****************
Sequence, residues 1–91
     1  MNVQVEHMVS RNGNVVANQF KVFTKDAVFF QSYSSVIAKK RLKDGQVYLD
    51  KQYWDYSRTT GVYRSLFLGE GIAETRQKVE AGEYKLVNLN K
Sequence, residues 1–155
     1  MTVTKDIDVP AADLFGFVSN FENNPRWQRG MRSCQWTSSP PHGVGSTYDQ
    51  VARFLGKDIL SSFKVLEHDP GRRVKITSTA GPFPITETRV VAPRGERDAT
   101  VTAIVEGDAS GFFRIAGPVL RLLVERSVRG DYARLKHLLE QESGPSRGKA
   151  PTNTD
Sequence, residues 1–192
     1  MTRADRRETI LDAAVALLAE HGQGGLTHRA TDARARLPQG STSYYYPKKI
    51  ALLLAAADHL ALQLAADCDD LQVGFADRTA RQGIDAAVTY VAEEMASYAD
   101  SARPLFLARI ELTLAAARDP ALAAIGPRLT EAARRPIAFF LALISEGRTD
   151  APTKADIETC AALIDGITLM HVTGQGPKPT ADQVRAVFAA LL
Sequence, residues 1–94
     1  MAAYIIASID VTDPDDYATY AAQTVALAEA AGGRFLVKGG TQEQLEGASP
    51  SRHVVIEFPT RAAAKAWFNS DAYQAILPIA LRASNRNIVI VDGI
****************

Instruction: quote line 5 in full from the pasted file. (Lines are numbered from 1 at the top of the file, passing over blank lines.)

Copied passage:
     1  MTVTKDIDVP AADLFGFVSN FENNPRWQRG MRSCQWTSSP PHGVGSTYDQ